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I write not just to
tell stories: Unity Dow

B orn in the southern village of Mochudi, Unity Dow studied to be a lawyer, working initially for the Attorney General's Chambers, setting up her own practice in 1986 and recently appointed Botswana's first female High Court judge.

Dow has a long record as a human rights attorney, co-founding the Women and Law in Southern Africa Research Project and is a member of International Women's Rights Watch, an advocacy organization. She also founded the first legal aid centre for women.

In 1995 Dow challenged government over the 1982 Citizenship Act, under which Botswana women married to foreigners could not pass on their nationality to their children; though Botswana men married to foreigners could. This led to passage of a legislation that gave women the right to pass on their nationality to their children.

Judge Dow has written two novels: Far and Beyon' and The Screaming of the Innocent. Far and Beyon' is the story of a Botswanan family - a mother and her two children, vacillating between the modern and the traditional; between poverty, AIDS, death and hope. She lives with her family in Lobatse, Botswana.


Far and Beyon' is layered with several issues, the central narrative being in the hands of a young woman, Mosa, who asks questions and seeks solutions. Why did you choose a woman narrator? Why didn't you look at the story through the eyes of a man, say Stan, for example?

For the same reasons that I did not set the book in the US or the UK. I was working with what is closest to me and to my heart. I have worked with young women for years and their stories informed and fueled Far and Beyon'.

Through Mora's children, Mosa and Stan, the novel also deliberates on two ways of living - the traditional way and the modern influences that the young are taking to very easily. The two youngsters reject traditional beliefs and choose to fight the oppression and powerlessness that they are subjected to. Is that closer to reality about Botswana or is it just hope?

First, it is my view that not all traditional beliefs should be rejected. But it is also my observation that there is and will continue to be a tension between 'old' and 'new' ways. For the African youth, this presents a dilemma and sometimes confusion. The more dominant cultures of the world are taking over the less powerful ones. How this tension is resolved will always depend on what the new cultures seem to be offering. So I am merely making an observation of what is happening.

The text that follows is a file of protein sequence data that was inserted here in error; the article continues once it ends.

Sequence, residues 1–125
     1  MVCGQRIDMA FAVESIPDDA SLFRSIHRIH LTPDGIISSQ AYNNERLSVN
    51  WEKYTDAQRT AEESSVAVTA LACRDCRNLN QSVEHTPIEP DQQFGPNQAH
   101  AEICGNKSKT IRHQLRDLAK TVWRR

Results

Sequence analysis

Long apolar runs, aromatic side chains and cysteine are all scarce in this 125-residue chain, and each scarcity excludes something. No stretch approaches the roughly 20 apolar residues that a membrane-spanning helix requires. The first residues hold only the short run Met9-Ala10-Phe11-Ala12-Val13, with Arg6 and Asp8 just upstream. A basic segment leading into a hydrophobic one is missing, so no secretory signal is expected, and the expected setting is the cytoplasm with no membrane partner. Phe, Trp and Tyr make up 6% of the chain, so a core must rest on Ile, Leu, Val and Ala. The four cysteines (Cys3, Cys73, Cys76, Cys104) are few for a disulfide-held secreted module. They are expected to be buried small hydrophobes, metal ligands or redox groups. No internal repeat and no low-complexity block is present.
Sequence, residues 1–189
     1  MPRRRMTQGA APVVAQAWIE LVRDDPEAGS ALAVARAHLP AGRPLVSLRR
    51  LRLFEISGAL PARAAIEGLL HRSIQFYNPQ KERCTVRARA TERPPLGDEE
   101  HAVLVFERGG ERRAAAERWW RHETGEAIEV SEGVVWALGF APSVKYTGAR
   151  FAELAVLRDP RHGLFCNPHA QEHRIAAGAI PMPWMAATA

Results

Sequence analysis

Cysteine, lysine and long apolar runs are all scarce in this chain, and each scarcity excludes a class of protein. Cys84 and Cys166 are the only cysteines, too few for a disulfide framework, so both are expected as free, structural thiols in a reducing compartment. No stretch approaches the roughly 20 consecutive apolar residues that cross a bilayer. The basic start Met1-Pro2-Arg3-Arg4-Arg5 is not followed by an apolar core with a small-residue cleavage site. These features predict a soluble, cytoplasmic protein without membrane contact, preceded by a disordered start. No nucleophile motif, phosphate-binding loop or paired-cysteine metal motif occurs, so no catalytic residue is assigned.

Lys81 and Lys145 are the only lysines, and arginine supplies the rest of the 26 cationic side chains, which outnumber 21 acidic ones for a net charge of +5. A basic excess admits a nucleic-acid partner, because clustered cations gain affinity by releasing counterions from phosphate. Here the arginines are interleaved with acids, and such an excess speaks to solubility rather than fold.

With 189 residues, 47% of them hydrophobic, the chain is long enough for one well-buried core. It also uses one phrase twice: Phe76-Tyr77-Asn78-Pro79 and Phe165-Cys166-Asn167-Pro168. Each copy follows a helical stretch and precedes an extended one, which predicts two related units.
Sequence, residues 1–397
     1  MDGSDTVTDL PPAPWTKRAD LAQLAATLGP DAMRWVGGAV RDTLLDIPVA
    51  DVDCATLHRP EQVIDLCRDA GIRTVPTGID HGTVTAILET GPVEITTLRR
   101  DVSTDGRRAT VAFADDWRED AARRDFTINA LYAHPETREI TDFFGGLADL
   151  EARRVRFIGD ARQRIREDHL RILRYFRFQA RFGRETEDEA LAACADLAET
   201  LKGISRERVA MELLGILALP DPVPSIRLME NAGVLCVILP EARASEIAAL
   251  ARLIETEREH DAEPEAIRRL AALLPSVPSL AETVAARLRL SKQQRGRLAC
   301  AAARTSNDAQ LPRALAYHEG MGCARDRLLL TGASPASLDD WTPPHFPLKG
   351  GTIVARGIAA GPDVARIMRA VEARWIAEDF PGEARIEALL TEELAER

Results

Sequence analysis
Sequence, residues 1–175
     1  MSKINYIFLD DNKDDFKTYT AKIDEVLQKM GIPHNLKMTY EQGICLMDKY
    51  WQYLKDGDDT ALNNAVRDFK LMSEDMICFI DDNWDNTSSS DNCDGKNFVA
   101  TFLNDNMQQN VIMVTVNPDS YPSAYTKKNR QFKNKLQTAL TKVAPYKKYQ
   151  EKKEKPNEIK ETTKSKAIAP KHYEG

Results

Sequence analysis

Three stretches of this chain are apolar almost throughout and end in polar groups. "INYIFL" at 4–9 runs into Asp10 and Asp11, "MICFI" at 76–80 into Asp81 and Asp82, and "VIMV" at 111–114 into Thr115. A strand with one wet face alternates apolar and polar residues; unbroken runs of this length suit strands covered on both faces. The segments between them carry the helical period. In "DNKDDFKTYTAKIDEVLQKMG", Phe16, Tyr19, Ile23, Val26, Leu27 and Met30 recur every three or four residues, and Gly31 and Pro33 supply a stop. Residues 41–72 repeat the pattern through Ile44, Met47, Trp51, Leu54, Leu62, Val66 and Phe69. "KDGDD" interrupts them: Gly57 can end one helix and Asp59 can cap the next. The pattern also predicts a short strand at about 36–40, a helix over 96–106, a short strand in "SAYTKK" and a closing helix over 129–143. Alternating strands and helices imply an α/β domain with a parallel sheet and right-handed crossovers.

The novel depicts the village life of Botswana - the family values, the ceremonies, noise, rites of passage, poverty and sex. Was it difficult for you to grow up in a land so steeped in traditions, poverty and the affliction called AIDS? Was it any worse because you are a woman?

It is still difficult to be part of ceremonies and rituals that are premised on female subservience. It is particularly difficult for me because I do appreciate that you can not change everything overnight. These ceremonies and rituals are based on old scripts which are considered un-reviewable. Picture this: It is the last day of the wedding celebrations and rituals and the new bride is sitting in the middle of the lapa (courtyard) and children and adults, male and female are gathered to witness the groom's mother's public instructions to her daughter-in-law. The mother drapes a shawl around the young woman's shoulders and pins it in place. Then she pounds (with her fist) around the young woman, proclaiming 'rutu, rutu, rutu' repeatedly.

The message is that she must be quiet and motionless, accepting, not complain, not cause trouble, not challenge. Then my turn comes (for this must be repeated by as many of the married women the party as possible) to give these instructions. Do I make a passionate speech for women's rights? Of course not. The most I can do is excuse myself and pass on the honor to another woman.

Is too much westernization and the man-woman inequality in Botswana bothering you?

I don't know that 'bothering' is the right term to explain my own personal views. What I can say is that I do believe that it is not in the interest of Africa to allow western values to stomp over African values without so much as a whimper of protest. Not all western is good. Just as not all African is good. The challenge is in merging the good from both and in developing a new culture that respects all persons, irrespective of, among others their gender.

Mosa provides a note of optimism in the novel. She thinks it is not hopeless, there is hope. You also once said that there are a lot of people in the real world like the fictional Mosa. "The resurgence of demands for rights is worldwide. The wrongs of the past are bubbling to the surface and people who have been voiceless are demanding answers in all sorts of way and they cannot be ignored." How hopeful are you?

Very. The human animal is unique in that no amount of battering will silence it for ever. Its need for dignity is just too central to its being.

You once said: "Often women will not demand their rights even when the laws and everything else is in place because the prevailing attitude around them is so thick with resistance that they slink back and take it and take it and take it". Are your books an extension of you as a social activist?

I write not just to tell stories, but also to raise political statements, to challenge, to urge, to nudge.

In The Screaming of the Innocentalso the story is woven around a woman - in this case the disappearance of a 12-year old girl. Should we expect a 'male' story in any of your novels soon?

I do promise!

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